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Menopause

Do Hot Flashes Return If You Stop HRT? It Depends On Several Factors

Find out the likelihood of menopause symptoms reappearing.

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Menopausal symptoms can become more manageable with treatments including hormone replacement therapy (HRT). In this treatment, low levels of hormones such as estrogen and progesterone are replenished to ease the severity of symptoms. You can take HRT through tablets, skin patches, or estrogen gel to reduce hot flashes and mood swings. While HRT is beneficial for many women, treatment may need to end if you experience certain side effects. In some cases, the process of ending HRT is gradual instead of immediate to lessen withdrawal symptoms. When one of our readers was concerned about the aftereffects of ending HRT, she asked our medical expert Barbara DePree, MD, for advice. Here’s what she had to say.

HRT Withdrawal Symptoms

Q: I’m 61 and started taking hormone replacement therapy (HRT) at 56 to ease severe hot flashes and mood swings. I’ve always heard you can only stay on HRT for a few years, but I’m afraid my symptoms will return if I stop. Help!

A: If the treatment is working for you, the latest research shows hormone replacement therapy (HRT) doesn’t have to be routinely discontinued in older women. In fact, women who are over age 60, healthy and at low risk for cardiovascular disease and breast cancer can continue to take HRT to help manage symptoms like hot flashes, low mood, and vaginal dryness — but it’s important to check in regularly with a doctor. And if you’re at risk for blood clots, I suggest substituting oral medication with a transdermal patch, which can help mitigate that risk.

That said, women who have breast swelling or tenderness, bloat, or spotting, which can develop as side effects of HRT, may need to discontinue it. The way you stop — tapering off versus cold turkey — makes no difference in the long run, although my patients who fear a return of symptoms are often more comfortable tapering off. But even if you do experience a return of symptoms, they may be less severe and will eventually diminish, suggests a study published in the journal JAMA. And you can always go back on a very low dose of HRT if necessary.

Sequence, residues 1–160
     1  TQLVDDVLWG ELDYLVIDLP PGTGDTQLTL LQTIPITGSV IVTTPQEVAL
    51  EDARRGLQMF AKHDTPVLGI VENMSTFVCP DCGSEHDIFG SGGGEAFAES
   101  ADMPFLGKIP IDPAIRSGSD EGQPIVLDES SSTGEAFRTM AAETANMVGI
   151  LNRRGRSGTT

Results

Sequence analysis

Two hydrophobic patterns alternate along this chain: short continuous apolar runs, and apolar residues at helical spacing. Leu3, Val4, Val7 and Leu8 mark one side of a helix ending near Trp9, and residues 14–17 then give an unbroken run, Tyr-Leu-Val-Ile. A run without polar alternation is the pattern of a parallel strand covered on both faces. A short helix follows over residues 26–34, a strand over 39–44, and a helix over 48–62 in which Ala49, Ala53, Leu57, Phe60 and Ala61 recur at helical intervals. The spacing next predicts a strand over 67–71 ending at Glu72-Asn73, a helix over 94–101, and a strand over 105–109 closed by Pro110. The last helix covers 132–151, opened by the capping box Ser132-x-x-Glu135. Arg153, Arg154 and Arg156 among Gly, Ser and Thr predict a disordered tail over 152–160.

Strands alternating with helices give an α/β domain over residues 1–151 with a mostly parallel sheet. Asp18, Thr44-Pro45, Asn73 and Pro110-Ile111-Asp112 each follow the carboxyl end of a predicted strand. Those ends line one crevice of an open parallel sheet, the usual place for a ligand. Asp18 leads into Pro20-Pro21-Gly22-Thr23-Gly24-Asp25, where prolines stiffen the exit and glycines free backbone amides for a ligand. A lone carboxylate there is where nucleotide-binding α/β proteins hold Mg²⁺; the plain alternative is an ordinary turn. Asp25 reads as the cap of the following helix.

If you’d like to go off HRT, consider nonhormonal options that ease hot flashes and don’t require a prescription, such as Relizen (a pollen extract) and Equelle (a soy-derived product). And the antidepressants like paroxetine (Paxil) and venlafaxine (Effexor) help bring hot-flash relief for a significant number of women who take them by reducing blood flow to the skin and lowering body temperature.

Meet Our Expert

Barbara DePree, MD, is a gynecologist in private practice and director of Women’s Midlife Services at Michigan’s Holland Hospital. A Certified Menopause Practitioner, she is the founder of MiddlesexMD.com, an educational resource for women’s sexual health in perimenopause and beyond. To ask her a question, send an email to health@firstforwomen.com.

This content is not a substitute for professional medical advice or diagnosis. Always consult your physician before pursuing any treatment plan.

This article originally appeared in our print magazine, First For Women.

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